Walker Kessler is a big man from Georgia who is entering the 2022 NBA Draft after two seasons in the NCAA. He was a consensus 5-star prospect coming out of high school and committed to the University of North Carolina. After struggling to find consistent minutes behind a crowded Tar Heels’ front court that featured Armando Bacot, Day’Ron Sharpe, and Garrison Brooks; Kessler transferred to the University of Auburn. To simply say he made the most of the new opportunity would be an understatement. In his sophomore campaign, Walker Kessler led the nation in total blocks, won the SEC Defensive Player of the Year, was selected the to the All-SEC First Team, and won the Naismith Defensive Player of the Year, awarded to the nation’s best defensive player.
Kessler is projected to be selected anywhere in the back half of the first round, placing the Denver Nuggets’ right in the range he is expected to be chosen. With the 21st overall selection in the 2022 NBA draft, Walker Kessler could bring much needed rim protection to the Nugget’s bench, but would it be wise to use a first round pick on a player whose ceiling in Denver would be a backup to Nikola Jokic?
Walker Kessler, Center, Auburn
Age: 20 (7/26/2001)
Career Per Game Statistics
Walker Kessler racked up 155 blocks in the 2021-22 season. To put this number into perspective, he single handedly had more more blocks than all but 13 NCAA basketball programs were able to accumulate as a team. Kessler also led the nation in defensive box plus/minus and block percentage at 19.1%. He measured in as the tallest player without shoes at the 2022 NBA draft combine and also tied for the second highest standing reach at 9 feet and 5 inches. Kessler utilized this length well and routinely made the opposition pay for attempting to score at the rim anytime he was in the vicinity.
He also showed flashes defending the perimeter and was very impressive playing drop coverage in the pick and roll. With solid mobility for his size, he showed some ability to switch onto smaller players and overwhelm them with length and size. Just when the opposition thought they’d have him beat off the dribble or created enough space to get off a jump shot, Kessler would recover so quickly that he would either alter or block their shot. The success he had at times defending the perimeter may not translate to the next level, but his effectiveness in drop pick and roll coverage likely will.
On offense, Kessler projects as a screening, rim-running center in the Association. His relatively lower skill level with the ball and inconsistent jump shot suggest he’d be best utilized in this role. This may sound negative, but Kessler can thrive in this role, just as he did when he stuck to it while at Auburn. Last season he converted an impressive 72.7% of his half court shot attempts at the rim. While as the roll man specifically, however, he reaches peak levels of efficiency with an unbelievable 94% on field goal attempts near the rim. Although many of these attempts are dunks, Kessler has also displayed solid touch around the basket on layups, hooks and floaters when he can’t slam it down.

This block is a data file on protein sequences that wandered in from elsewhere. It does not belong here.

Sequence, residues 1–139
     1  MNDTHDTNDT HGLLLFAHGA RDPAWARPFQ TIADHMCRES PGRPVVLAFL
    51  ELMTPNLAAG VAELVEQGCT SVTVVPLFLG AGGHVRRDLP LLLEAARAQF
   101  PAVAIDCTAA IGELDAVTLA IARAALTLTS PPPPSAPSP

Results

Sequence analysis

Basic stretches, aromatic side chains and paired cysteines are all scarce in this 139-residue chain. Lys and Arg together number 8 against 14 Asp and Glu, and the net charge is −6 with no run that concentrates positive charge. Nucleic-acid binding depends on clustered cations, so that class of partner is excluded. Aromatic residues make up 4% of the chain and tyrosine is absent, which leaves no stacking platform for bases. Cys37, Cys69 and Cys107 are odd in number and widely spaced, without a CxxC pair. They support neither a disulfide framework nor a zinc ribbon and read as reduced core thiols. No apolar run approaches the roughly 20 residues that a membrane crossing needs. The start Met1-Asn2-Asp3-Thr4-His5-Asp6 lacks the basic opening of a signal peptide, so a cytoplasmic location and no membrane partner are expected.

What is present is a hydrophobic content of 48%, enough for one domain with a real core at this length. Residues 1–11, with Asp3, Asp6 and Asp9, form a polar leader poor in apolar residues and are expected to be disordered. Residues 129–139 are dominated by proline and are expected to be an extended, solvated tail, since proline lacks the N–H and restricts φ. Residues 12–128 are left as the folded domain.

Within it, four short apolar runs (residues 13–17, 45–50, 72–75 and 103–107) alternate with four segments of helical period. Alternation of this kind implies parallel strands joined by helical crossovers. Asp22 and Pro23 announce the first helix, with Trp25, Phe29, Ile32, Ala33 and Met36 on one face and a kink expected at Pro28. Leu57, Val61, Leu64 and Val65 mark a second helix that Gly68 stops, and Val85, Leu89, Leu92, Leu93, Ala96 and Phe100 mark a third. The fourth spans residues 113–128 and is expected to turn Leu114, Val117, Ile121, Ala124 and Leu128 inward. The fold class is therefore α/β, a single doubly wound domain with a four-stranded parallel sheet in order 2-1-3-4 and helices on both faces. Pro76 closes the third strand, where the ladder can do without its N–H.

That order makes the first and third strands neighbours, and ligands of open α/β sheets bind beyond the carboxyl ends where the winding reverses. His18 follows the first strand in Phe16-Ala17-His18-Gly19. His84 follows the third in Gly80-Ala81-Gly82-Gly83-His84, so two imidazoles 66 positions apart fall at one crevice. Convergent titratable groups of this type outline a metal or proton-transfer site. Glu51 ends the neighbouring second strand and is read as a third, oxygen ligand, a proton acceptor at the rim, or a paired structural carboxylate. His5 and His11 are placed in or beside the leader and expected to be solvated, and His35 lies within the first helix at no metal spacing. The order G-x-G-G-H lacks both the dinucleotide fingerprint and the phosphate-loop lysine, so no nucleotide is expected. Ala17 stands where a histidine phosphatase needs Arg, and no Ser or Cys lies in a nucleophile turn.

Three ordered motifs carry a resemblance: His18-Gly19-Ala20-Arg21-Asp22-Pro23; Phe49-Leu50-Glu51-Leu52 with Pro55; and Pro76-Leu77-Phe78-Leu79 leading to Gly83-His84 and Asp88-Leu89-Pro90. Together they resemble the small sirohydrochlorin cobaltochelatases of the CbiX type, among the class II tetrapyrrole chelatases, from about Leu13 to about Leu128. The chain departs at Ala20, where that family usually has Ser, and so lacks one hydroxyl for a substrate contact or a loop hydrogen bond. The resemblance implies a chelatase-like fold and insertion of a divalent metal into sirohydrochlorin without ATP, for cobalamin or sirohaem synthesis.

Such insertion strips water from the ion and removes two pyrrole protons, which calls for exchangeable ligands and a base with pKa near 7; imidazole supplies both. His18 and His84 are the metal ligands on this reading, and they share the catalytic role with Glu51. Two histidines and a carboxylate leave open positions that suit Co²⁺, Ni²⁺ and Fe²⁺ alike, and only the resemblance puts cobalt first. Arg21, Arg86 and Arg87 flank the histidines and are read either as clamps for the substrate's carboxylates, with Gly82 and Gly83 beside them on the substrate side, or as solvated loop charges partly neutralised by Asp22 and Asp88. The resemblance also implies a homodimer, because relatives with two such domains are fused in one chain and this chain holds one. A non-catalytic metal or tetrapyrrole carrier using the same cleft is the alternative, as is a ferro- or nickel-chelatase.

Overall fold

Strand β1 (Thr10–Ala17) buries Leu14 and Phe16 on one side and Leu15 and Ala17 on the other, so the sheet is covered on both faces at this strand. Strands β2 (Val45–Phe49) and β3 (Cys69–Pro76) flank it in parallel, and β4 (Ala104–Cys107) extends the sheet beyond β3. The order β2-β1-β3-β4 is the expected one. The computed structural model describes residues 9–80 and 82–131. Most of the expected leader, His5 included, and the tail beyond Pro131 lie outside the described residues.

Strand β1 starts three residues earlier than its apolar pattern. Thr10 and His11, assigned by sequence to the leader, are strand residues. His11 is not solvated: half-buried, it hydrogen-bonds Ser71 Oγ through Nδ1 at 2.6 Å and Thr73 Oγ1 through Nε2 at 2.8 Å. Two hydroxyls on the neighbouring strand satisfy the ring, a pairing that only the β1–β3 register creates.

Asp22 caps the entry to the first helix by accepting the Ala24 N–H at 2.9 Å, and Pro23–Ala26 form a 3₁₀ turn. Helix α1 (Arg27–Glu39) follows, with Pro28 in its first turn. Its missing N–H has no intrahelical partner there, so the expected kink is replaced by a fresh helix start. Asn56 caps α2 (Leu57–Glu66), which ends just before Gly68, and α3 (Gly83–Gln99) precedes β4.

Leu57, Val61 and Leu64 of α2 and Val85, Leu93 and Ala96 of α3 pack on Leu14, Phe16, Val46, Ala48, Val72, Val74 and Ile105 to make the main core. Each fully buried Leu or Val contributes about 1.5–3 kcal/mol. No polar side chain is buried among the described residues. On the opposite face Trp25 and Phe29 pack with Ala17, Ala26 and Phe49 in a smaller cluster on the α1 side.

Shot Selection/Jump Shooting
Walker Kessler went just 10/50 on three point shot attempts last year and 1/4 in his freshman season. Not only are the percentages concerning, but the total attempts are as well. Teams would back off and dare Kessler to take jump shots and he obliged far too often. I respect his confidence and desire to want make the defense pay for leaving him open, but he will likely need to clean up, or maybe even overhaul, his release before he becomes a viable pick and pop option at the next level. His 57.7% career free throw percentage only furthers the notion that Kessler is not a viable jump shooting threat as he enters the league next year.
The less glamorous side of Walker Kessler’s propensity for blocking shots is the negative plays that come with his aggressive mentality. Kessler is guilty of biting on shot fakes and failing to stay vertical in pursuit of blocks more than his fair share. This mentality also translates to how he plays the passing lanes and overcommits to cutting off driving angles at times. Additionally, he found himself in foul trouble far too often. A big part of why he only played 25.6 minutes per game this past season was from picking up too many fouls to stay on the court. While he does need to play with a bit more discipline, the associated energy and effort with this play style can still be a very positive addition to a bench unit.
Projected Draft Range: mid-to-late first round
Denver Stiffs Big Board: 51st overall
NBA Comparison: Jakob Poeltl/Mo Bamba
Walker Kessler may not fit the mold of a versatile big in the modern NBA, but his skillset is still valuable in today’s league. He’s still young with plenty of time to develop and round out his game. Even if he doesn’t improve much as a shooter and playmaker, or become an elite defender, Kessler feels like a very safe bet to have a long NBA career as an imposing interior force coming off the bench.
His ceiling might be somewhere between Kristaps Porzingis and Rudy Gobert and if teams selecting ahead of the Nuggets see enough of those players traits in him, Kessler won’t be available at 21st overall. On the other hand, he is someone that could just as easily slide as far as the second round due to his limitations.
If Denver’s goal with their first round pick this year is to acquire a player that they believe can help them win now, Kessler is a very solid option to fill the backup center spot. The Nuggets’ benches have seemed to preform better in recent history with a playmaking center and Kessler certainly isn’t that. They wouldn’t be able to run a similar offense while Jokic rests, but they would have an impactful close to the basket presence at both ends of the court.